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Order of Operations

Date: 05/19/99 at 13:54:24
From: Stephanie Wu  and Meghan Heil
Subject: Algebraic expressions and order of operation

The problem was presented like this:

   a = 1.56
   b = 1.2
   x = 7.2
   y = 0.2

   ax/by = ?

Here are two ways that I solved it:

1) I first rewrote the problem as [1.56(7.2)/ 1.2](0.2). Second, a was 
multiplied by x. The product was 11.232. Then, since no parentheses 
were present, I followed the order of operations and divided 11.232 by 
b, which was 1.2. The quotient was 9.36. Then I multiplied 9.36 by y, 
which was 0.2. The final answer was 1.872.

2) The other way, the first thing I did was multiply a by x. The 
product, which was 11.232, was set aside for the time being. Then b 
was multiplied by y, which gave the product of 0.24. The problem was 
now solved by dividing 11.232 (or ax) by 0.24 (or by) to reach a final 
answer of 46.8.

Can you please tell us which answer is correct and why?

Date: 05/19/99 at 17:03:49
From: Doctor Peterson
Subject: Re: Algebraic expressions and order of operation

Hi, Stephanie and Meghan.

You are not alone in wondering about this. We have had several other 
questions about expressions similar to yours, from confused teachers 
and students who have found that different books or teachers have 
different answers, and even calculators disagree.

As written, your expression


should be evaluated left to right: a times x, divided by b, times y. 
The multiplication is not done before the division, but both are done 
in the order they appear. Your first solution is right.

Some texts make a rule, as in your second solution, that 
multiplication without a symbol ("implied multiplication") should be 
done before any other operations in an expression, including "explicit 
multiplication" using a symbol. Following this rule, you would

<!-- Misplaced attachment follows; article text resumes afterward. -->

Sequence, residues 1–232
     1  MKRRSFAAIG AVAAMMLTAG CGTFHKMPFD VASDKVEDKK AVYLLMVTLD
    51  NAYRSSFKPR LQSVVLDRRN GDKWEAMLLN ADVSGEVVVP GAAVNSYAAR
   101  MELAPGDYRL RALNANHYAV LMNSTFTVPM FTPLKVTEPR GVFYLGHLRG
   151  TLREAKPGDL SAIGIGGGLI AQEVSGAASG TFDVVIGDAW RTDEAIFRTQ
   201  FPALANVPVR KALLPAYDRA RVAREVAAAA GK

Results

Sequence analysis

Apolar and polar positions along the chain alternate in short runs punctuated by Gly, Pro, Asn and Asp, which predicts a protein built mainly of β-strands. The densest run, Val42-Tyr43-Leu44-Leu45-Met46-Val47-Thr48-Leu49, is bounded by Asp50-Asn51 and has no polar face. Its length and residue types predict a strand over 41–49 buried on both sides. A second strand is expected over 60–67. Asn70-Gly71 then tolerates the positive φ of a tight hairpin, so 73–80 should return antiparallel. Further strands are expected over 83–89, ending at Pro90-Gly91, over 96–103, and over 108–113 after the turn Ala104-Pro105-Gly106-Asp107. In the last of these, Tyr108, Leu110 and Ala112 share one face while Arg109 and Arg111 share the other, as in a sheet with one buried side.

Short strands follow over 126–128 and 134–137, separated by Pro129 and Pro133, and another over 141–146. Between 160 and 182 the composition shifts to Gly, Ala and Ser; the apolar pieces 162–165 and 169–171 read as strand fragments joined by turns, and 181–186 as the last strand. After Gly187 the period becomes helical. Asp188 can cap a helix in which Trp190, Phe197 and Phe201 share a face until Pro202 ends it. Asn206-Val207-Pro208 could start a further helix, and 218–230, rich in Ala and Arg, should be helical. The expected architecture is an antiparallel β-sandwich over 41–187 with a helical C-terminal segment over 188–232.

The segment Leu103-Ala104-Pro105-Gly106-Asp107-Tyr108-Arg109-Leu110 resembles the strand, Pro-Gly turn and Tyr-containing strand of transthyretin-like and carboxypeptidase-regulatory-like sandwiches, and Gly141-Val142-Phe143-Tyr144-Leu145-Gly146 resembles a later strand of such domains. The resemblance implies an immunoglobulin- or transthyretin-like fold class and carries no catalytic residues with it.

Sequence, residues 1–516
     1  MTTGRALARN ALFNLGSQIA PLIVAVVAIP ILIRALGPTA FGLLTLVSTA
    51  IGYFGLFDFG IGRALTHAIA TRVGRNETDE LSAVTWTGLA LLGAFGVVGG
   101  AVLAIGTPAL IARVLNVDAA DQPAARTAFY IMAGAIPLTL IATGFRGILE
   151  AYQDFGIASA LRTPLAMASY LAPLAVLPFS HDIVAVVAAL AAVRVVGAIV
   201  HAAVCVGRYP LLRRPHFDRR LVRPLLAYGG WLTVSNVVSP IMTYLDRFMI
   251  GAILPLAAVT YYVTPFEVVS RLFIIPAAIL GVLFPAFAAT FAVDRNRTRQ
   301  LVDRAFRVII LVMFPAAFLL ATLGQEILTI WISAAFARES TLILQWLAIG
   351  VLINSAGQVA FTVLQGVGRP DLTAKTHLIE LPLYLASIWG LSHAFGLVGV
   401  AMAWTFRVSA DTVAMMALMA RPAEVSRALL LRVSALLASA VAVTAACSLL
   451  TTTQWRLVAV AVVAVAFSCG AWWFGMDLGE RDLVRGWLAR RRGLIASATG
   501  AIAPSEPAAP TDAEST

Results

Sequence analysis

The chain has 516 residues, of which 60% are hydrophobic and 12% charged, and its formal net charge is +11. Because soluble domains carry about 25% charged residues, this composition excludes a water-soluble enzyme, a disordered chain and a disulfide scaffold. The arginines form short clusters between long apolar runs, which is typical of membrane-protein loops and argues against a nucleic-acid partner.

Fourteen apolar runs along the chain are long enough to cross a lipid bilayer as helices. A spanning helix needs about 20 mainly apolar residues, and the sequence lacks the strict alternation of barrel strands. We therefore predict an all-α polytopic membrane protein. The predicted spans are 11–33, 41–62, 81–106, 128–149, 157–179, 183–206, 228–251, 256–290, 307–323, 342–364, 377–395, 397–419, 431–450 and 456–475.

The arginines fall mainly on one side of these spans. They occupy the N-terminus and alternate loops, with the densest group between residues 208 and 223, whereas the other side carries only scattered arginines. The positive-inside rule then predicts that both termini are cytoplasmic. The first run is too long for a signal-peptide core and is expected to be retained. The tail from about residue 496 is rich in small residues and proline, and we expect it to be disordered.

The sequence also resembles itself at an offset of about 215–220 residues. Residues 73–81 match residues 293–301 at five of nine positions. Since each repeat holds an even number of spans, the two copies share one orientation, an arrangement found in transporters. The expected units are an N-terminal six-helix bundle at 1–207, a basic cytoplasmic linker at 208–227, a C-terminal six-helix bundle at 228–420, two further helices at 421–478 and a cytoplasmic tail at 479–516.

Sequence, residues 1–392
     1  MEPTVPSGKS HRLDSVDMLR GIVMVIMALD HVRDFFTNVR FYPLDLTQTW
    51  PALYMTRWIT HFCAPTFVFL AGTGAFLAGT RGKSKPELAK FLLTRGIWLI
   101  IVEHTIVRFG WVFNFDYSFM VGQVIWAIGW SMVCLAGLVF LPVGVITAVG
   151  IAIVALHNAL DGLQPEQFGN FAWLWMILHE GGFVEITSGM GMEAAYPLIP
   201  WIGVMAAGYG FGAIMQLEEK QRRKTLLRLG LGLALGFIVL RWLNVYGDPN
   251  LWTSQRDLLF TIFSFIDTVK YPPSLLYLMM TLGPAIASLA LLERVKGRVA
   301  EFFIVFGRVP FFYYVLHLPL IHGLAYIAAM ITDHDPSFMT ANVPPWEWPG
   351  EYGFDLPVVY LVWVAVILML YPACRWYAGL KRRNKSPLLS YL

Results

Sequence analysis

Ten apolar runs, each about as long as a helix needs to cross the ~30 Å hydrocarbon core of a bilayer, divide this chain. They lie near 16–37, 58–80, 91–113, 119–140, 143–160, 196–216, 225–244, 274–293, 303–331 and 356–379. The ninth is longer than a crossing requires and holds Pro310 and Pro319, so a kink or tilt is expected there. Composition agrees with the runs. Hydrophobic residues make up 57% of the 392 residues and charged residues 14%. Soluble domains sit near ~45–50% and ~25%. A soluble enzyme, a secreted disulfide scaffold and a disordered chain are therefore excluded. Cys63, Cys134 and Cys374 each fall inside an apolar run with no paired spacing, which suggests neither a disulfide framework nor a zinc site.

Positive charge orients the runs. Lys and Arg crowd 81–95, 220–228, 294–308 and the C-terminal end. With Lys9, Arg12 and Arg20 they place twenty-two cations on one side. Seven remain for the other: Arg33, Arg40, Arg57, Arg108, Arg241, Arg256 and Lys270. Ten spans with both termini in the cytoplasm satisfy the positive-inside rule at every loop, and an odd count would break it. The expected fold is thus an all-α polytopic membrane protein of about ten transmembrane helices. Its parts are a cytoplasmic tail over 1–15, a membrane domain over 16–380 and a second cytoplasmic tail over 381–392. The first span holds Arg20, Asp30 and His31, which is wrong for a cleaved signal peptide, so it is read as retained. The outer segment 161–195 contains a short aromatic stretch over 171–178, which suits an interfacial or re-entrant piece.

multiply a by x, then multiply b and y, then divide one  by the other. 
Some (probably most) texts don't mention such a rule - but some of 
those may use it without saying so, which is far worse.

I don't know of a general rule among mathematicians that implied 
multiplication should be done before explicit multiplication. As far 
as I'm concerned, all multiplications fit in the same place in the 
order of operations. It's not an unreasonable rule, though, since it 
does seem that implied multiplication ties the operands together more 
tightly, at least visually; but the idea of Order of Operations (or 
precedence, as it is called in the computer world) is supposed to be 
to ensure that everyone will interpret an otherwise ambiguous 
expression the same way - so if some texts change the rules, or if 
people do what feels natural, the purpose has been lost.

The problem here is that the expression looks as if it were meant to 


In the Dr. Math FAQ about writing math in e-mail, one of our 
recommendations is to use parentheses wherever possible to avoid 
ambiguity, even where the rules should make it clear, because it can 
be easy to forget them in some situations:   

(click on the Fractions link).

So in e-mail we would write it like this:

    ax/(by)  or  (ax/b)*y

depending on what is intended.

In my research for another Dr. Math "patient," I found that some 
calculators have experimented with this rule. Calculators have 
somewhat different needs than mathematicians, since they have to take 
input linearly, one character after another, so they are forced to 
make a decision about it. On the TI Web site I learned that they 
deliberately put this "feature" into the TI 82, and then took it out 
of the TI 83, probably because they decided it was not a standard rule 
and would confuse people. Take a look at their explanation:   

They also talk about a similar issue for exponentiation of the form 
a^b^c, and give the same conclusion we give: always use parentheses 
where a statement is ambiguous without special rules:   

So to answer your question, I think both answers can be considered 
right - which means, of course, that the question itself is wrong. I 
prefer the standard way (your first answer) when talking to students, 
unless their own text gives the "implicit multiplication first" rule; 
but in practice if I came across that expression, I would probably 
first check where it came from to see if I could tell what was 
intended. The main lesson to learn is not which rule to follow, but 
how to avoid ambiguity in what you write yourself. Don't give other 
people this kind of trouble.

- Doctor Peterson, The Math Forum   
Associated Topics:
High School Basic Algebra
High School Calculators, Computers
Middle School Algebra

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